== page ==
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Companies will need talent to fill thousands of new jobs

Human Resources
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Over the next five years, nearly 26,000 new jobs are forecast for the tri-county region, according to an update to the Charleston Metro Chamber of Commerce’s Talent Demand Study.

A shortage of local talent, specifically for production jobs, is forcing some employers to recruit workers from out of state, which is a concern for chamber CEO and President Bryan Derreberry.

Mary Graham, chief advancement officer at the Charleston Metro Chamber of Commerce, discusses the Talent Study update during an event hosted by the chamber and Trident Technical College. (Photo/Ashley Heffernan) “We’ve gotten by in the past by attracting talent from other places, and now all 386 metropolitan statistical areas of the United States are facing the same thing we are: baby boomer retirement,” he said in early August, speaking at an event held by the chamber and Trident Technical College on education in the region. “So the regions that develop their own talent are the regions that are going to win with regard to future economic development and prosperity in their metro areas.”

Mary Graham, chief advancement officer at the chamber, said she thinks the prediction of 26,000 new jobs is “woefully low.”

“I think it’s more like 40,000 jobs in the next five years in our community,” she said. “The gap of those particular, what we call the high-demand fields is accelerating for us.”

The biggest shortage in the tri-county is for general assemblers and fabricators. In 2014, 25 people in the Lowcountry were awarded degrees in that field, which now produces 838 annual job openings beyond the college graduate output, Graham said.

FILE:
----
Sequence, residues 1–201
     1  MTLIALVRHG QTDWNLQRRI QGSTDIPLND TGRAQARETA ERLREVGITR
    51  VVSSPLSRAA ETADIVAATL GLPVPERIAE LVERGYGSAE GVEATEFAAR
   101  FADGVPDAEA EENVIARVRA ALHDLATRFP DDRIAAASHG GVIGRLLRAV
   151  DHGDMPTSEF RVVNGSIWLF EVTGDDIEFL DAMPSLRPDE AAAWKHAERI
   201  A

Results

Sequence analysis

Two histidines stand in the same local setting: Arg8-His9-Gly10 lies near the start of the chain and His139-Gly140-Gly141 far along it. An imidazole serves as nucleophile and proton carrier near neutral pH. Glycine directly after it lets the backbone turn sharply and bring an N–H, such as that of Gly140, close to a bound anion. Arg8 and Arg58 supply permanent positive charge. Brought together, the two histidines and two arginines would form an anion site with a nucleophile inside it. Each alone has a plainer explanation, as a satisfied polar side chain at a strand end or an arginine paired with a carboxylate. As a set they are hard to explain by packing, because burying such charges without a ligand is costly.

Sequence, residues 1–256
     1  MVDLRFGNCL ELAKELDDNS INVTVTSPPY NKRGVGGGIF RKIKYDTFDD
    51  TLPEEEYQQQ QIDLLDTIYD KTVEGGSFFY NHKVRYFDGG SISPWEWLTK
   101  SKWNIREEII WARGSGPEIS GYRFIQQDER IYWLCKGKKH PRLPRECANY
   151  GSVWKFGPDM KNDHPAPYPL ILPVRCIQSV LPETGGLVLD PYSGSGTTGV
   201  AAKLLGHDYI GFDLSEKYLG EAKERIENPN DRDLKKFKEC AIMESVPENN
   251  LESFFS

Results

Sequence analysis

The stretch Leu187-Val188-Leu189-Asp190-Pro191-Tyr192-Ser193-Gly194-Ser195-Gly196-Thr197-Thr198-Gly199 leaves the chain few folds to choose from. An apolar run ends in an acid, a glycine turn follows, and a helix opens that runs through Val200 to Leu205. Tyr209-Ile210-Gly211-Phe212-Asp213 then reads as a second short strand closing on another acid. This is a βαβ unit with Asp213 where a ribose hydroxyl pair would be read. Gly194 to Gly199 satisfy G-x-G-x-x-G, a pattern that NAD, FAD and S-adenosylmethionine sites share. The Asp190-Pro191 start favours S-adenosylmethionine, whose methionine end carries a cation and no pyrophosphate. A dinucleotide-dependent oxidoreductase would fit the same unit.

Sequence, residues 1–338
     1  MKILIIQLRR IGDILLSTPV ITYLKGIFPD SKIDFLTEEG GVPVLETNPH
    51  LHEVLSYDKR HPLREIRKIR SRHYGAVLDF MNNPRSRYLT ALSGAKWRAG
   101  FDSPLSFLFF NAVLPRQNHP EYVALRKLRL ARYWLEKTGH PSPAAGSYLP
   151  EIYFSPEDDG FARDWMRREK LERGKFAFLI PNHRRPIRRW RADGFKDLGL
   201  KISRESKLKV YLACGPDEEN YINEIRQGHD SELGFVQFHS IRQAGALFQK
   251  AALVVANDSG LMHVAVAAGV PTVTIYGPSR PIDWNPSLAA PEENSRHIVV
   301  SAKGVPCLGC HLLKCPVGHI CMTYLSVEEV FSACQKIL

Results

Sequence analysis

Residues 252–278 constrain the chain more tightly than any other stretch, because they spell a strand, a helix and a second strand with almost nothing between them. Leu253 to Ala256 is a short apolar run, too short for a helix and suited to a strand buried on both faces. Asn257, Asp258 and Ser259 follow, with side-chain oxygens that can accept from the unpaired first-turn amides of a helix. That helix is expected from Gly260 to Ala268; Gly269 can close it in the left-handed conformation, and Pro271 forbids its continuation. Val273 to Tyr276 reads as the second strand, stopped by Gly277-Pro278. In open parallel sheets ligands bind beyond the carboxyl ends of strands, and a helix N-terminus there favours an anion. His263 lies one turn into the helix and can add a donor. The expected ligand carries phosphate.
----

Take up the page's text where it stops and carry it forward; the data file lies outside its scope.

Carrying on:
“We don’t have enough people wanting those degrees,” she said.

Over the past two years, the gap between college output and the number of assembler and fabricator jobs has increased by 350%.

“We’ve gone from a couple hundred annual job openings in that particular field in 2014 to over 800 annual job openings due to Boeing, Volvo, Mercedes and other manufacturers in our community,” Graham said. “We’ve got to help educate our youth that manufacturing today in our community is a fantastic career choice.”

She said manufacturers now work in a high-tech environment with high salaries and a great benefits package — contradictory to the stereotype of manufacturing as a dirty, low-paying job.

“As I tell people all the time, you can practically eat off the floor of a manufacturer in our community today,” Graham said.

Medical secretary jobs, which require a certificate degree and have a $30,000 starting salary, also have seen a significant jump since 2014. The demand has grown 235%, with 37 degrees granted in 2014 and now 213 annual job openings, Graham said.

Other fields experiencing shortages are accounting support, software developers, aerospace mechanics, IT security analysts and network administrators.

“All of these jobs pay amazing wages in our community, way above average,” Graham said. “So you can go into any of these fields, whether you’re coming straight out of high school or you’re going on here to Trident for an associate’s degree or on to Charleston Southern University or one of our other four-year institutions, you can step into a career in this community that’s going to be a long-term growth opportunity for you.”